Creation Of A Monolith, Canadian band Into Oblivion‘s sophomore album, is every bit as imposing as its title suggests. Progressive in ways that escape conventional expectations, usually restricted to overt technicality and unseemly fusion, this album evolves over its mammoth length without compromising one bit on its death metal credo. The shortest song here is well past 6 minutes so listeners are advised to gear up for the long haul but Into Oblivion are also remarkable songwriters in their own right, littering this album with fiery peaks and non-maudlin valleys, creating their very individual universe where the only rules that matter are ones devised within their minds. Similar to a band like The Chasm, Into Oblivion use extremely prosaic genre elements in terms of technique and by virtue of exquisite, left-field songwriting mould them into something entirely unique and all-encompassing.
From ashes arisen
Possessed by the flame within
The wearisome pursuit to absorb knowledge
Observe. Judge. Destroy.
Thoughtful lyrical work, much-inspired by the Nietzschean “Will To Power” ethos of Order From Chaos, induces a sense of grandeur in decay with an irrepressible urge towards perpetual spiritual renaissance. Verbose and without any concession to rhythmic lilt, these still make for far more elevated reading than most metal chaff and are acutely realized through the band’s drawn out songs. It bears repeating that these are indeed true death metal songs, genuinely angry and seething with a restless spirit to raze and rebuild. An undercooked yet entirely suitable production introduces a semi-translucent wall of white noise that has an especially hypnotic effect in the droning, repetitive sections found frequently through the album. Tempos find themselves in constant flux, resembling nothing so much as a predator on the prowl, mounting coldly calculated steps towards its quarry.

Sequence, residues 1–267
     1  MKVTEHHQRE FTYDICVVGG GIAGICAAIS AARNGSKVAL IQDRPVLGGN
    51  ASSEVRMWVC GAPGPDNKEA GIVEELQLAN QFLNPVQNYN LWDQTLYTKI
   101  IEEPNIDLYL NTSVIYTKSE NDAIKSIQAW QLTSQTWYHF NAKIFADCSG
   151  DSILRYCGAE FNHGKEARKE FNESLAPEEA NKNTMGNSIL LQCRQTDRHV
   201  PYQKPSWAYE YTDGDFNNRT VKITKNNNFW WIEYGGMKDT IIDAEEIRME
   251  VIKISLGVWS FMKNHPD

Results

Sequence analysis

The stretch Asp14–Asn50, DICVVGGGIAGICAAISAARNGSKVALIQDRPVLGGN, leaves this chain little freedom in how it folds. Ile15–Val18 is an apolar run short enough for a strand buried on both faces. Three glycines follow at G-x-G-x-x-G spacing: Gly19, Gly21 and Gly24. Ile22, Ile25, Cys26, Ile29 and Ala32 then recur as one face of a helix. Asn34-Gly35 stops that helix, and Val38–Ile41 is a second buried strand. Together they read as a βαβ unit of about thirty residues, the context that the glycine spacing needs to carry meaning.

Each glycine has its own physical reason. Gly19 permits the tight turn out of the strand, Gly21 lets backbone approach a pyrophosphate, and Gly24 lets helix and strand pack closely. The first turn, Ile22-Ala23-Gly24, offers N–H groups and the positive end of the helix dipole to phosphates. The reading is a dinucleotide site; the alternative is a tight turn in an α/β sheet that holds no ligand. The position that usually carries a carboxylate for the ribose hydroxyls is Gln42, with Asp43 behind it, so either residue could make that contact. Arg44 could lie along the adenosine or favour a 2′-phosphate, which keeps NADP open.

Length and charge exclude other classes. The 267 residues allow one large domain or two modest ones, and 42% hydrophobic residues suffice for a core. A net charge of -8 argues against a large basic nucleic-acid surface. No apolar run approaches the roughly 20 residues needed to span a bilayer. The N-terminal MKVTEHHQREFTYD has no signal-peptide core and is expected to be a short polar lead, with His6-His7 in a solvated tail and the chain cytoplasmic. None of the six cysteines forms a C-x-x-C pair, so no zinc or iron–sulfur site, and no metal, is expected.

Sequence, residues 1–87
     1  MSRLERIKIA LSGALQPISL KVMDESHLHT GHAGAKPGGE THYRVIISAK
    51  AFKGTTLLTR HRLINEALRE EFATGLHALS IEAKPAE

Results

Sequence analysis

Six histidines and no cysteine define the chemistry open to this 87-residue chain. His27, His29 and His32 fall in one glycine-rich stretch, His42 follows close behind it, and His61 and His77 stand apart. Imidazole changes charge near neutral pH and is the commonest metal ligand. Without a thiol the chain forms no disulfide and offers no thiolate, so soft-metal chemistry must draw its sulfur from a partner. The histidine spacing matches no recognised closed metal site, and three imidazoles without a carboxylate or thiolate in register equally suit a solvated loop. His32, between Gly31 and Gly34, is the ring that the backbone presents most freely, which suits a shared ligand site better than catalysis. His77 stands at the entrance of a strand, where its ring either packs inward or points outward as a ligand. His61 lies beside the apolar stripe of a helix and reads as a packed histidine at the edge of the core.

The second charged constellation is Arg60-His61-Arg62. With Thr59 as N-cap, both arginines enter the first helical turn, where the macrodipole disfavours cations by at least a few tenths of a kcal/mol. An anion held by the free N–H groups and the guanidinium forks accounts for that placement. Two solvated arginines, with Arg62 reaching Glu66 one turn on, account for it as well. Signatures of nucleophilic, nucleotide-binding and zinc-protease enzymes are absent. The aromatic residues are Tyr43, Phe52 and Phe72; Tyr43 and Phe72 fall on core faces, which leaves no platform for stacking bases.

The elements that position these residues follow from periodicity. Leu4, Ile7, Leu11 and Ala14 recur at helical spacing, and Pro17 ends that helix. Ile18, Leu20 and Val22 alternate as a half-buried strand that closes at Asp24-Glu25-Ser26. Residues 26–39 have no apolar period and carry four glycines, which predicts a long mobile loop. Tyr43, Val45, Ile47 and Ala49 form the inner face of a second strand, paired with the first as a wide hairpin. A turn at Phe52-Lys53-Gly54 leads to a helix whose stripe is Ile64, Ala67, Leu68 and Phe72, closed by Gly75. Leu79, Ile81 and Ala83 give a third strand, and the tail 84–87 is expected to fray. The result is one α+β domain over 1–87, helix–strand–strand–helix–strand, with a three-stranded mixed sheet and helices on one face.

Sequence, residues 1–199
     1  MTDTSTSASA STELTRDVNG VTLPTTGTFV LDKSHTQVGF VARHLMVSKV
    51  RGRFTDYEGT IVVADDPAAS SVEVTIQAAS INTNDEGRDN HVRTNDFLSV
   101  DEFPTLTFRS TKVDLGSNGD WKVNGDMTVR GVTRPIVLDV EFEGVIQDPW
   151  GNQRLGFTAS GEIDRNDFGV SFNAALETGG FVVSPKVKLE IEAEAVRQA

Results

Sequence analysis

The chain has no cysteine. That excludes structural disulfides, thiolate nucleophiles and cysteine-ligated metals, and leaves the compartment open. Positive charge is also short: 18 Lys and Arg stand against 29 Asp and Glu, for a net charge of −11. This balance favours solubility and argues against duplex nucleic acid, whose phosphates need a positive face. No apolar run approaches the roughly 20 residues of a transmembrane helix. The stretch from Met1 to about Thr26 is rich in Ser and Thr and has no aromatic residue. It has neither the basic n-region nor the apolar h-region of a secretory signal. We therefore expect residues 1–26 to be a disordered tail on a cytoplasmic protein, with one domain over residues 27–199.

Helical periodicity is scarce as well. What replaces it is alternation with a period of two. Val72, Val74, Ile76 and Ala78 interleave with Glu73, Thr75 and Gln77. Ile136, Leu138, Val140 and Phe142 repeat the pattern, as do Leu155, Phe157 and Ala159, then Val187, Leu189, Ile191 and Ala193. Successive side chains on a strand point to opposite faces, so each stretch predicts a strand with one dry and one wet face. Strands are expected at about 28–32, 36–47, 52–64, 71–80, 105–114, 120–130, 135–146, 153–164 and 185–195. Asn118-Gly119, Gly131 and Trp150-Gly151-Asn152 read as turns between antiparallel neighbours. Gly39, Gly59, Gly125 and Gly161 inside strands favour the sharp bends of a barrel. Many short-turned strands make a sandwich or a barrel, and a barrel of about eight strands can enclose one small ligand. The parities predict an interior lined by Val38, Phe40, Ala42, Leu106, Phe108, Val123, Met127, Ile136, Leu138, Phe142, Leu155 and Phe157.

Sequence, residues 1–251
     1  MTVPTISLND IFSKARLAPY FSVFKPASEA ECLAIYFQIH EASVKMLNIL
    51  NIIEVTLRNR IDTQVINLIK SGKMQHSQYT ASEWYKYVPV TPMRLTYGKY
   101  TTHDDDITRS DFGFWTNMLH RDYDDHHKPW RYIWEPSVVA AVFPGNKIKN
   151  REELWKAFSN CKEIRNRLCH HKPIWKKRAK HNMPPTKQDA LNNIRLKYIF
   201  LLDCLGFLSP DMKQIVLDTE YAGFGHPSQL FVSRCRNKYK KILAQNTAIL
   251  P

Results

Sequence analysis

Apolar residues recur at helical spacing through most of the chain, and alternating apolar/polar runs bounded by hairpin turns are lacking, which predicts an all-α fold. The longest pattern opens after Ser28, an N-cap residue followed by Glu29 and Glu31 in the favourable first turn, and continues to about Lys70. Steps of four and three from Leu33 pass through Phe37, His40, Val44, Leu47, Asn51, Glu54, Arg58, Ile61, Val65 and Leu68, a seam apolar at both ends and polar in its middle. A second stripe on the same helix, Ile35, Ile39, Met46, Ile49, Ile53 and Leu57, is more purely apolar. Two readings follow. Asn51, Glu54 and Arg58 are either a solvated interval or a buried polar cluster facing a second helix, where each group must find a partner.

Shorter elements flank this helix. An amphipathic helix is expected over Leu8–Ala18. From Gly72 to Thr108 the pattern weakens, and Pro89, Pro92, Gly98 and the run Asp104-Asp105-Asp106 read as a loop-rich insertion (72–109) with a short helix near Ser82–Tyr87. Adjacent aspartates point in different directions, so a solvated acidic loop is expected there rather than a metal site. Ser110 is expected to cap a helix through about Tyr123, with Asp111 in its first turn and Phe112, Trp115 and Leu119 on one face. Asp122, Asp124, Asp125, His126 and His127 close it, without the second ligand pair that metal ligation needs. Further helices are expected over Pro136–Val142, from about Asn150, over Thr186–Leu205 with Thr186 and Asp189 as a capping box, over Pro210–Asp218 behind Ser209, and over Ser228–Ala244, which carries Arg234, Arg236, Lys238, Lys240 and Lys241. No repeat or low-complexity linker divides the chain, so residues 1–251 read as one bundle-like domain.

All songs save one being easily in excess of ten minutes, Creation Of A Monolith is best approached from an open-ended perspective. Treat these songs as an indivisible whole, refuse to entertain notions of instant gratification, embrace them on their own terms; easier said than done, granted, but as much like hard work as hearing this album may seem at times, the rewards are manifold, and one can, at the very least, come away with a sense of empathy and respect for the band’s vision and ideals. Arrangement over such vast lengths in particular, considering the band’s strait-jacketed style, is no mean feat but Into Oblivion, at no point, appear to be treading water. Yes, parts achieve stasis occasionally, symbolizing the vacuum that must exist when overarching structures meet their eventual fall, but are then expertly woven back into the greater narrative, heralding a new order birthed in flames and chaos. This criminally overlooked album, both life-affirming and humanism-denying, is one of the pillars of modern death metal, exemplifying the pulsing, self-empowering principle germane to the music as art form.